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  • Ben Seaman

What is "Designing for Space"?

Designing electronics for space presents a unique set of challenges due to the harsh environment, extreme conditions, and the need for reliability and longevity. Here is a Convergences typical process for designing for space/harsh environment.

Requirements for Space Environment:

  • Familiarize yourself with the specific mission requirements, including the target orbit, radiation levels, temperature variations, and vacuum conditions.

  • Consider the duration of the mission and the expected lifetime of the electronics.

Select Radiation-Hardened Components:

  • Choose radiation-hardened or tolerant components that can withstand ionizing radiation in space.

  • Use radiation-hardened processors, memory, and power management components. EEE parts selection is critical early in design process.

Thermal Management:

  • Space experiences extreme temperature fluctuations. Design the electronics with effective thermal management systems such as heat sinks, thermal coatings, or phase-change materials.

  • Incorporate thermal shielding to protect sensitive components from direct sunlight and extreme cold. We always recommend simulation for thermal, vibration early in design process with our great partners at STL Engineering.

Power Management:

  • Optimize power consumption to ensure efficient use of limited energy sources such as solar panels or batteries.

  • Implement redundancy and fault-tolerant power systems to prevent mission failure due to power issues.

Ergonomics and Size Constraints:

  • Space missions often have strict size and weight limitations. Design compact and lightweight electronics.

  • Ensure that components are easily replaceable if necessary.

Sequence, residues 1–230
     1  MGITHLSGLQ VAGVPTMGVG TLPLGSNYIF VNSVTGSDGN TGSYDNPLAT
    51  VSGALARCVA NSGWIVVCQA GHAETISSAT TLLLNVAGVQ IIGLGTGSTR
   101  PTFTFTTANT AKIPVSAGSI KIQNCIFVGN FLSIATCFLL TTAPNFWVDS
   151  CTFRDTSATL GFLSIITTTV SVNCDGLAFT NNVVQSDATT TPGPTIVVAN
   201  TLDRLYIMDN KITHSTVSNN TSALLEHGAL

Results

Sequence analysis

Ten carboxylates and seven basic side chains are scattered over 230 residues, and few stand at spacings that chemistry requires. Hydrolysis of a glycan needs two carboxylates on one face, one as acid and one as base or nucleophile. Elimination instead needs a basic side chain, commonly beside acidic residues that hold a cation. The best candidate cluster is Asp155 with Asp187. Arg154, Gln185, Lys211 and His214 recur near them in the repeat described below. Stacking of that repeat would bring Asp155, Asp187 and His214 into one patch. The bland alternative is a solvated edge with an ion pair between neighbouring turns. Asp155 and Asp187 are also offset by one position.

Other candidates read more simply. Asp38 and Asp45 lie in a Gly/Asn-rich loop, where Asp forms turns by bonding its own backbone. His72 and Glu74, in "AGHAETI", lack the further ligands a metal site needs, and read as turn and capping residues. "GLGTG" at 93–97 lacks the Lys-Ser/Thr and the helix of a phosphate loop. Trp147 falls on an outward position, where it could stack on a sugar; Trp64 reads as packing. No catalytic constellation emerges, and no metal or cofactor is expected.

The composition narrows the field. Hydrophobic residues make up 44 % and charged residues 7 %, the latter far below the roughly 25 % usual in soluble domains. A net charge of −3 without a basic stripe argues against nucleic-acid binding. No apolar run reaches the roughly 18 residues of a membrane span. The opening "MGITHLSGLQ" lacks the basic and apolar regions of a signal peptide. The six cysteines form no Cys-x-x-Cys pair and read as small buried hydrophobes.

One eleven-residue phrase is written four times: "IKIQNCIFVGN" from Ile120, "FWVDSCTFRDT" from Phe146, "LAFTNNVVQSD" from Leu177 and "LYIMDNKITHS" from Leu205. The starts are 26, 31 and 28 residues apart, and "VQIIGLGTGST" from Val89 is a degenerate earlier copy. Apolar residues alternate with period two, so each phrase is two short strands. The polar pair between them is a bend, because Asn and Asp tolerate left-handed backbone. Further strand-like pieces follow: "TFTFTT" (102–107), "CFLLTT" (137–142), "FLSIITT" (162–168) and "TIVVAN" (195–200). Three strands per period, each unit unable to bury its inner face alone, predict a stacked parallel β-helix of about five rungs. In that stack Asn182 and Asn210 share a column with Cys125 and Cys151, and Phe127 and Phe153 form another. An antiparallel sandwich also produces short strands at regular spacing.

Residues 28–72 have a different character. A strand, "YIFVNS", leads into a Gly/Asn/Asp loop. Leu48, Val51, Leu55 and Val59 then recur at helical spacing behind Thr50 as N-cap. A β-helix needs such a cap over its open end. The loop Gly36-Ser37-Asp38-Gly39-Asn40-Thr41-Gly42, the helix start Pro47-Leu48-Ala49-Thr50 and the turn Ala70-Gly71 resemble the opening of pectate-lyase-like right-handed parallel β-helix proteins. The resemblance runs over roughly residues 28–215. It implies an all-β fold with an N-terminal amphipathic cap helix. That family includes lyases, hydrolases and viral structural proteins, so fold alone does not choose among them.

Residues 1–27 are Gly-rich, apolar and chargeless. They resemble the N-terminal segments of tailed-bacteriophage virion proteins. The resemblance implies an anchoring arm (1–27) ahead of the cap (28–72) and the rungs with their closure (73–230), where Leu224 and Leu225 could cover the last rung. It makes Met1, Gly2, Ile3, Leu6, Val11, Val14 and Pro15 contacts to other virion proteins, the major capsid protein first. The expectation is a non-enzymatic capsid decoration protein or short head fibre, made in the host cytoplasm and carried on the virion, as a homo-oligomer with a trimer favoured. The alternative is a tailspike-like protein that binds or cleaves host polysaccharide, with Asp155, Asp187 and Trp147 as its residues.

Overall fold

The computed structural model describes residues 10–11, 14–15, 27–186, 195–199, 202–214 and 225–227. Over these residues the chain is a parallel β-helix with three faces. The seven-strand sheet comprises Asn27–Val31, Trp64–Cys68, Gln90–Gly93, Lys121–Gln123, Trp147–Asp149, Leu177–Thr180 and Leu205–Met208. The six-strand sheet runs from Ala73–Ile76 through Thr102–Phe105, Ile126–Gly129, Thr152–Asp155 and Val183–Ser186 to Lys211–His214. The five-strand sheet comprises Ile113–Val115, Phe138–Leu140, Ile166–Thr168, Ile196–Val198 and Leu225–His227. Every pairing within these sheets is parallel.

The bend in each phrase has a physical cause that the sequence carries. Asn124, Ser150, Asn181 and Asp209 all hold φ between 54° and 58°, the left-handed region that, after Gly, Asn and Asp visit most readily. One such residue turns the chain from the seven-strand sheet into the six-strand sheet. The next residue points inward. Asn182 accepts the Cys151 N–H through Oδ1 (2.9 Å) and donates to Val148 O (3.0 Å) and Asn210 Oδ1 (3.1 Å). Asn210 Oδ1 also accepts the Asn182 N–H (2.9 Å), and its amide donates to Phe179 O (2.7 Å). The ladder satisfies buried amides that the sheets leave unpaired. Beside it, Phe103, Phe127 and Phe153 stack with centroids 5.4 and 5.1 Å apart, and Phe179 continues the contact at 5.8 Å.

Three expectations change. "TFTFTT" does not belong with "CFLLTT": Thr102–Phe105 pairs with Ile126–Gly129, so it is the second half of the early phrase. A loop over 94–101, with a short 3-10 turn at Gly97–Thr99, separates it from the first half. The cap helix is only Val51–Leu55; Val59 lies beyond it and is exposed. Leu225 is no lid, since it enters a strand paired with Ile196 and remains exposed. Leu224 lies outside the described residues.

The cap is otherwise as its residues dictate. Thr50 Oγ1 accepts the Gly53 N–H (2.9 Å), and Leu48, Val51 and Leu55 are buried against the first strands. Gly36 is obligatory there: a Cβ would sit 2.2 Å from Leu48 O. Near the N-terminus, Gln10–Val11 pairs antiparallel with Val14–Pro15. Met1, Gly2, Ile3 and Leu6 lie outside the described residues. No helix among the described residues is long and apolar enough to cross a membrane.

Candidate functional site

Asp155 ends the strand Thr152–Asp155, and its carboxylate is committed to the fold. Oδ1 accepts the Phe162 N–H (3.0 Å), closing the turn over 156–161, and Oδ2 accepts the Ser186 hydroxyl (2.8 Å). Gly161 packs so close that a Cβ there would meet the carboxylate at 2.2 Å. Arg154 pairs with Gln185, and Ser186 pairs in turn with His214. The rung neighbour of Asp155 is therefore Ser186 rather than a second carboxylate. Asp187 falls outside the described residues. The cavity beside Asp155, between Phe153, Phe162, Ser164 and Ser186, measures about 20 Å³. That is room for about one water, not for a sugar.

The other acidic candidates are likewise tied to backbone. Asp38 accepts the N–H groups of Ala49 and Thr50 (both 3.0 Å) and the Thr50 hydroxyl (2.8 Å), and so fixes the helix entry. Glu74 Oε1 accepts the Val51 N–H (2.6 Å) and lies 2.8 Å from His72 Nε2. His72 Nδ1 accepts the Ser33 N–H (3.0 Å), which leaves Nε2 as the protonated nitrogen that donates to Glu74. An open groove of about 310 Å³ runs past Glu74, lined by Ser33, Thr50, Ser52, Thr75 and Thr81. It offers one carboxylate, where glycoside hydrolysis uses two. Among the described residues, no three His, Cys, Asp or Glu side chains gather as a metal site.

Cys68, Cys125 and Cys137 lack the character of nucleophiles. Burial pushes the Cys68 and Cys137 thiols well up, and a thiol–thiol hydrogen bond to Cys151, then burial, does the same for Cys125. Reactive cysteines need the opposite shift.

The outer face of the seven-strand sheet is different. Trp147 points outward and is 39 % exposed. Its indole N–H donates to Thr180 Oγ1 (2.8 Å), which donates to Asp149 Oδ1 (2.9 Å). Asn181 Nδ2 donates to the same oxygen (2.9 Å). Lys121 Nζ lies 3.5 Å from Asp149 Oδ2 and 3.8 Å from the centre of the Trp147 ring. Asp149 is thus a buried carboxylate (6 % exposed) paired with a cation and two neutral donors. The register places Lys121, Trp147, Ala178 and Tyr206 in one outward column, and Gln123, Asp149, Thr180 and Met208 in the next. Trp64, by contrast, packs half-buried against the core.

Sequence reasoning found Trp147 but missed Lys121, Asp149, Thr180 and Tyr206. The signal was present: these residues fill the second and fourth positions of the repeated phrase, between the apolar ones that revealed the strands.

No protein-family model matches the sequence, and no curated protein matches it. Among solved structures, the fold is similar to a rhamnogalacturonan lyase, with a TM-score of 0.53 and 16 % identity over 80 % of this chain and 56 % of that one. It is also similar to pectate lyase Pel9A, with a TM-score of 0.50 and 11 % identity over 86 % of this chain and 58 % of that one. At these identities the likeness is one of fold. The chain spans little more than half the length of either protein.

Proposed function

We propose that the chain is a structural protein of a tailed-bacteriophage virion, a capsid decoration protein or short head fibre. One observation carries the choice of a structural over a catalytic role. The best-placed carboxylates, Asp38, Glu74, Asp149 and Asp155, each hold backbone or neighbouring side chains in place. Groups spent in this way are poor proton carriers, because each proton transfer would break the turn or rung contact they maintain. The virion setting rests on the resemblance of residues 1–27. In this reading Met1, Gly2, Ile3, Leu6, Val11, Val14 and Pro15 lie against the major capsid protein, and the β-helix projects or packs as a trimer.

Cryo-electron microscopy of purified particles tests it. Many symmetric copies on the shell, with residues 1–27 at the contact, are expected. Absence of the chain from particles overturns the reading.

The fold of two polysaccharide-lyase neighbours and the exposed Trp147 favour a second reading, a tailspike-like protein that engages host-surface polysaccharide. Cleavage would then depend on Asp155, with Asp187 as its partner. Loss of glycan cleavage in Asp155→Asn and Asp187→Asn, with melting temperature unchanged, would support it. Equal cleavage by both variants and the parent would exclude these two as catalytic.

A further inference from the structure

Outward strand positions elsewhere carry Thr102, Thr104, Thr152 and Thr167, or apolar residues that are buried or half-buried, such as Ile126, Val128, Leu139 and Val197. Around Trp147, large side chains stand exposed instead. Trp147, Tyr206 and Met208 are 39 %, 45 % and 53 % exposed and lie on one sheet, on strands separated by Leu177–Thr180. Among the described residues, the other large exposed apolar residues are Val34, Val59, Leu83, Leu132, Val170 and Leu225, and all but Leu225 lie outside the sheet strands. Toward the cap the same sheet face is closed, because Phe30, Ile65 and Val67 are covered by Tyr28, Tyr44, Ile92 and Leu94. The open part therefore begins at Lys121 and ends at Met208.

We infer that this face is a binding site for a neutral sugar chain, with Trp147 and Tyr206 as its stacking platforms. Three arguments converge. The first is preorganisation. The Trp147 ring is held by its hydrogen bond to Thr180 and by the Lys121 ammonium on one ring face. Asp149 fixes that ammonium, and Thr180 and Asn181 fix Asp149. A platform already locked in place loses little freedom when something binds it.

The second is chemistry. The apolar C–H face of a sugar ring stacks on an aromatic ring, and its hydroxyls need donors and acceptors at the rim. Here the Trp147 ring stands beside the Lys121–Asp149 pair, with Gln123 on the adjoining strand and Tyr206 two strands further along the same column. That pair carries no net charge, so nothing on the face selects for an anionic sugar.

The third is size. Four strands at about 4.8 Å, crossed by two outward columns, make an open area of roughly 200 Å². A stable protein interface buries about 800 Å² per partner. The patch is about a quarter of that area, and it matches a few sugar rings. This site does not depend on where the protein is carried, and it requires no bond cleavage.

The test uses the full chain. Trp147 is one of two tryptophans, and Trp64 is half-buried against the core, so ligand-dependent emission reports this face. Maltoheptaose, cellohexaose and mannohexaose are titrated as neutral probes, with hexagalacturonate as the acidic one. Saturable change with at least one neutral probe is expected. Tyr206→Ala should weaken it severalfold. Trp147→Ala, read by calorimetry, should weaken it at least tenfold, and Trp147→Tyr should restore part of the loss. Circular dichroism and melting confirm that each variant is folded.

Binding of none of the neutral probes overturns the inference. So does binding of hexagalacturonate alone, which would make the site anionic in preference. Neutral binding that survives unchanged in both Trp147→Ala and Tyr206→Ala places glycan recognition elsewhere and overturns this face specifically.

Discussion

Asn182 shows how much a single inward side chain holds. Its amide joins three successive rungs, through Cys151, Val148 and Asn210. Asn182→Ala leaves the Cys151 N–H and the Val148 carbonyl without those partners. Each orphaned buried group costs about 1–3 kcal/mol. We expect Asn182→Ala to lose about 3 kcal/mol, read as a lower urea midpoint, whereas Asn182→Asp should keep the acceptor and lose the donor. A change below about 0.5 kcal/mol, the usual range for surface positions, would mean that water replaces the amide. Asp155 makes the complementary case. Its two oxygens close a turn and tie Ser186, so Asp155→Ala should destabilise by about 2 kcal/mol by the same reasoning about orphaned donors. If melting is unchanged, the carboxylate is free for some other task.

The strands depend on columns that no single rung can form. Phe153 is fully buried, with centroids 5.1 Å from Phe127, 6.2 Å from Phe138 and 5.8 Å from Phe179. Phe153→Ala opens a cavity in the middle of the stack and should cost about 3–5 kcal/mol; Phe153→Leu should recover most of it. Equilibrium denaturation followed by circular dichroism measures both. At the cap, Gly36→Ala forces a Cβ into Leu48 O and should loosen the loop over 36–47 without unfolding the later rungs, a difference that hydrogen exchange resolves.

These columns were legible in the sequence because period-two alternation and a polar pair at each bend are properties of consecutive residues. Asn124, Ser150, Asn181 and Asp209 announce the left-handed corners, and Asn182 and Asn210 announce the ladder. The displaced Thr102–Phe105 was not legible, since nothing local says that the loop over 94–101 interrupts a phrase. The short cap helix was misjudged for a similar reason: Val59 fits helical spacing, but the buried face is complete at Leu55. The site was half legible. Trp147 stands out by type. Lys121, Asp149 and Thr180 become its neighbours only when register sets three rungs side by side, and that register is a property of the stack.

EMI/RFI Shielding:

  • Shield the electronics against electromagnetic interference (EMI) and radio-frequency interference (RFI) to prevent signal degradation.

  • During initial concept design review it is important to run EMI analysis to improve PCB/shielding to minimize risk. Don't forget CM filters, protection or other passive suppression.

Testing and Simulation:

  • Perform rigorous testing and simulations under simulated space conditions to identify weaknesses and vulnerabilities.

  • Use environmental chambers to mimic extreme temperature and vacuum conditions. Prequal testing is imperative to mission / formal qualification success.

Redundancy and Fault Tolerance:

  • Incorporate redundancy in critical systems, including processors, sensors, and communication equipment.

  • Implement fault-tolerant software and hardware to handle unexpected errors gracefully. SEU mitigation strategies required.


  • Design reliable communication systems that can transmit data to and receive commands from Earth over long distances.

  • Implement error correction and encryption mechanisms to ensure data integrity and security.

Remote Diagnostics and Updates:

  • Enable remote diagnostics and software updates to fix issues or improve performance during the mission.

  • Ensure that updates do not introduce vulnerabilities.

Quality Assurance and Reliability:

  • Follow stringent quality assurance processes to reduce the likelihood of defects.

  • Conduct reliability assessments to estimate the lifespan of the electronics under space conditions.

Documentation and Traceability:

  • Maintain thorough documentation of the design, testing, and manufacturing processes for traceability and future reference.

Regulatory Compliance:

  • Ensure compliance with international space and aerospace regulations and standards, such as those from NASA or the European Space Agency.

Environmental Considerations:

  • Plan for the end of the mission, including disposal or deorbiting of the spacecraft to minimize space debris.

Collaboration and Review:

  • Collaborate with experts in space electronics and engage in peer reviews to gain valuable insights and improve the design.

Lifecycle Management:

  • Plan for long-term support and maintenance of the electronics, considering the possibility of extended mission durations.

Designing electronics for space is a complex and highly specialized task that requires a multidisciplinary approach, collaboration with space agencies, and adherence to rigorous standards. Additionally, staying updated with the latest advancements in space technology and materials is essential for success in this field.

Feel free to message us to inquire with our Space experts at Convergence .

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